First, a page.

The US and China may be nudging closer towards finding some middle ground in their nearly year-long trade dispute, a resolution that would give markets some breathing space going forward and potentially even reverse some parts of the global economic slowdown.
President Trump indicated yesterday that he might extend the 1 March deadline for the two sides to reach an agreement if it seems that enough progress has been made in their bilateral talks and thus avert the planned introduction of yet more trade tariffs on Chinese goods. Chinese stock markets cheered with a 2% increase to a multi-month high in early trade and European markets followed with a rally, particularly in Germany where a lot of car producers and industrials depend on exports to China. In London, Rolls Royce and luxury brand Burberry were high up among the gainers, as were metals and mining companies.
Congress border deal boosts US stocks
The US government narrowly avoided a shutdown scheduled for this week thanks to a face-saving deal between President Trump and the Congress which allows both sides to claim success. Instead of the $5.7 billion worth of funding to finance the building of a wall on the US border with Mexico Congress agreed to provide $1.375 billion for border security, offering a way out of the impasse that has been paralysing US government offices since December.
The decision brought palpable relief to US markets and continued to boost Asian and European stocks this morning. The dollar’s reaction was mixed as it firmed slightly against the yen but nudged into weaker territory against the euro and sterling.
Brexit uncertainty continues
The pound is left without clear direction as Britain seems no closer to any clarity over Brexit. Sterling is almost flat against the dollar and marginally stronger against the euro but the strengthening seems more temporary than a clear trend.
The Prime Minister is due to present her updated Brexit proposal to the Commons today with changes from the EU on the Northern Ireland backstop and in theory this is due to be followed by a Valentine’s Day debate on the update. But comments from Brussels and the opposition are not providing much hope for a resolution.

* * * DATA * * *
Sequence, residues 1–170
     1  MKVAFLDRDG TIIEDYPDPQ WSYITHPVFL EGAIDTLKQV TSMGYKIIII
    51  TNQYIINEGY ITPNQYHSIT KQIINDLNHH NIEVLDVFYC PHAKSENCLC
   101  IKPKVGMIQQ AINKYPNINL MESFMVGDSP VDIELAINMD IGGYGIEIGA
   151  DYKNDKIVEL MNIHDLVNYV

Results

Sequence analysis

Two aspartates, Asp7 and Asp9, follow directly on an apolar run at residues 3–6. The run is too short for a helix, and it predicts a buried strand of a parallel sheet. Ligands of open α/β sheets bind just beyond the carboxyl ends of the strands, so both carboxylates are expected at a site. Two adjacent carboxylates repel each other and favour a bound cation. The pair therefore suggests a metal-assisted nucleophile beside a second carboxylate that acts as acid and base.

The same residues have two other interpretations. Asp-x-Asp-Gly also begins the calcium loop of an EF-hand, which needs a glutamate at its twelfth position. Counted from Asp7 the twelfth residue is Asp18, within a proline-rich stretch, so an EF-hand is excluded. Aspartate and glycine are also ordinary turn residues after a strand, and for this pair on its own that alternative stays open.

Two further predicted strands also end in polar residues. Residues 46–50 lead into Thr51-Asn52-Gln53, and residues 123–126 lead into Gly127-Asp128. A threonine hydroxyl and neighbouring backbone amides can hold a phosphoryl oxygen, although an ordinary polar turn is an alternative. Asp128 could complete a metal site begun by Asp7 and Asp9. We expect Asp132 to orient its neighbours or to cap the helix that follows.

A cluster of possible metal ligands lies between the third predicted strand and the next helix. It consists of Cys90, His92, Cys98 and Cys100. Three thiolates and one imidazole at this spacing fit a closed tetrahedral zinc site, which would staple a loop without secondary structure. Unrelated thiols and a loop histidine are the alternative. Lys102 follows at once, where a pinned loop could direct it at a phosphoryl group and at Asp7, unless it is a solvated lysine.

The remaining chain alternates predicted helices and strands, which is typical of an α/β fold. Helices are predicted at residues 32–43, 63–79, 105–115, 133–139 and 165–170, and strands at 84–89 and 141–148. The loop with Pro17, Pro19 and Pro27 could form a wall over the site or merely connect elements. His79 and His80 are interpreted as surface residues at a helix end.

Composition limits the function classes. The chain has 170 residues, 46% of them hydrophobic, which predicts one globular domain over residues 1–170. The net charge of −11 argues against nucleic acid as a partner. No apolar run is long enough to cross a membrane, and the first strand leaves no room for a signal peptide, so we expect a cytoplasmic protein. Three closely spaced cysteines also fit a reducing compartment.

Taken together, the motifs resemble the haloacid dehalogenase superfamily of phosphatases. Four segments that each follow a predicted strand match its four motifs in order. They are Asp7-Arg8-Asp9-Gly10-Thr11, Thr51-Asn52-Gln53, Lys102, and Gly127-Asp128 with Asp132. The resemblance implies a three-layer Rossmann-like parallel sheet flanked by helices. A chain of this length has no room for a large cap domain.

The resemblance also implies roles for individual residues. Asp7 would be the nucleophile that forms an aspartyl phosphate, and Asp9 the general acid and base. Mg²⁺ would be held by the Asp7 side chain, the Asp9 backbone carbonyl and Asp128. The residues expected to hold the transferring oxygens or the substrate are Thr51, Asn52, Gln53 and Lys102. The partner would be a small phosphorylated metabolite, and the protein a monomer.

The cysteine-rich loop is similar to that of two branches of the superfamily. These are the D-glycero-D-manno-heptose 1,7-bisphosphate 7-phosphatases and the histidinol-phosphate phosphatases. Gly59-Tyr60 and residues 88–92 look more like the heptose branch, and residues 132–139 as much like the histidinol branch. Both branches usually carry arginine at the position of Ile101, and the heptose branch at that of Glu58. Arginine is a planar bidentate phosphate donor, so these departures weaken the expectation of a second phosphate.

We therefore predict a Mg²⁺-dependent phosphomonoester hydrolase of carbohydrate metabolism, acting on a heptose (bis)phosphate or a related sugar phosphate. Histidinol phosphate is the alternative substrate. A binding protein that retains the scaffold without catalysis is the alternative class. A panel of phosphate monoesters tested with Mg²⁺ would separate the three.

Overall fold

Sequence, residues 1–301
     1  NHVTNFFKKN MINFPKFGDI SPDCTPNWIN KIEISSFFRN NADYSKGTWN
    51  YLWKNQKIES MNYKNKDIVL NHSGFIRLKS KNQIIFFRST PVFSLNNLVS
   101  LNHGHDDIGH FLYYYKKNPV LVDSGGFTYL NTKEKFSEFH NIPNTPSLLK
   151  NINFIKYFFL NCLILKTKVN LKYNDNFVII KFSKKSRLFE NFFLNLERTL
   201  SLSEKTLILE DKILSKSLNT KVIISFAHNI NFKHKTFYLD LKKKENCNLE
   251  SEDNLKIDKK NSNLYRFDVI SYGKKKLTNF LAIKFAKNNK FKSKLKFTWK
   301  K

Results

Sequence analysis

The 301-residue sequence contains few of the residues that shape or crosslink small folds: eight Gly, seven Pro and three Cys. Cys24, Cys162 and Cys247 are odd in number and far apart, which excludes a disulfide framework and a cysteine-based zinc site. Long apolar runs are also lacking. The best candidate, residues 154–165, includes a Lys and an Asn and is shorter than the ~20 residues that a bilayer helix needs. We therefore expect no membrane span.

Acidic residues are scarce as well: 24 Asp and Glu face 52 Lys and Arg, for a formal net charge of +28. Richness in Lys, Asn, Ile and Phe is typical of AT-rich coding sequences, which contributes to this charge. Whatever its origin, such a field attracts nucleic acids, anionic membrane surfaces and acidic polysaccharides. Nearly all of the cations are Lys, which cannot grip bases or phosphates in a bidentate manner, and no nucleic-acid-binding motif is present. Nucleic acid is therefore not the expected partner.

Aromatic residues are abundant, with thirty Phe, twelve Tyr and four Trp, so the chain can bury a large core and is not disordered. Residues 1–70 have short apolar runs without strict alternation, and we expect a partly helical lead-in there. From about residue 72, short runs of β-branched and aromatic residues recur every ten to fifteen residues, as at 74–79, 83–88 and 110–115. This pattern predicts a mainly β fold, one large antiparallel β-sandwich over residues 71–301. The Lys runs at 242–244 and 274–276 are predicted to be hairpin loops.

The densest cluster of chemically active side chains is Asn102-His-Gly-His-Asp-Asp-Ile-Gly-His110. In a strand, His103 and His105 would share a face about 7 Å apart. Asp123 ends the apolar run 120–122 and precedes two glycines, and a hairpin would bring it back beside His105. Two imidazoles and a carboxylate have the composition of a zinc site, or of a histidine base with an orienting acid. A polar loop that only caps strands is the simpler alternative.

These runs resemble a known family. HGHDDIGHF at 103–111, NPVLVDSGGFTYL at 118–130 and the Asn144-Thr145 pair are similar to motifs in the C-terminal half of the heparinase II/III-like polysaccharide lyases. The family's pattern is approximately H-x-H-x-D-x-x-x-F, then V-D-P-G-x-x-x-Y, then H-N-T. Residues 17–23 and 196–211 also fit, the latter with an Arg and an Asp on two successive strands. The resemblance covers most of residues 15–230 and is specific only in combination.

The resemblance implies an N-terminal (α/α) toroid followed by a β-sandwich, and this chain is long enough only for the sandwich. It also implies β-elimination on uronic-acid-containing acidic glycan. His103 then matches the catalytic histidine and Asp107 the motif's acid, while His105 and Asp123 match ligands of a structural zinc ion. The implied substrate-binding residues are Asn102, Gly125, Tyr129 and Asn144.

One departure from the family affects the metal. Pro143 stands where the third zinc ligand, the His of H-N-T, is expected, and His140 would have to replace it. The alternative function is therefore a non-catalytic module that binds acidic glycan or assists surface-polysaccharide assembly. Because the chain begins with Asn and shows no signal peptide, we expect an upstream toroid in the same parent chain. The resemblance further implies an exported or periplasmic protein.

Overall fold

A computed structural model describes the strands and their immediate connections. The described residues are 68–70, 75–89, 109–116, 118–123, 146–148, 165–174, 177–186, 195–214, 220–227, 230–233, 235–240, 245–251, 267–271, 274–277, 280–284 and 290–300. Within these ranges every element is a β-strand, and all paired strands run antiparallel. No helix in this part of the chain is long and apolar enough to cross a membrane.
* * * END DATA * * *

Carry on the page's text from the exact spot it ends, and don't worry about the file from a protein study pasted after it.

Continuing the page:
CFD and forex trading are leveraged products and can result in losses that exceed your deposits. They may not be suitable for everyone. Ensure you fully understand the risks. From time to time, City Index Limited’s (“we”, “our”) website may contain links to other sites and/or resources provided by third parties. These links and/or resources are provided for your information only and we have no control over the contents of those materials, and in no way endorse their content. Any analysis, opinion, commentary or research-based material on our website is for information and educational purposes only and is not, in any circumstances, intended to be an offer, recommendation or solicitation to buy or sell. You should always seek independent advice as to your suitability to speculate in any related markets and your ability to assume the associated risks, if you are at all unsure. No representation or warranty is made, express or implied, that the materials on our website are complete or accurate. We are not under any obligation to update any such material. As such, we (and/or our associated companies) will not be responsible or liable for any loss or damage incurred by you or any third party arising out of, or in connection with, any use of the information on our website (other than with regards to any duty or liability that we are unable to limit or exclude by law or under the applicable regulatory system) and any such liability is hereby expressly disclaimed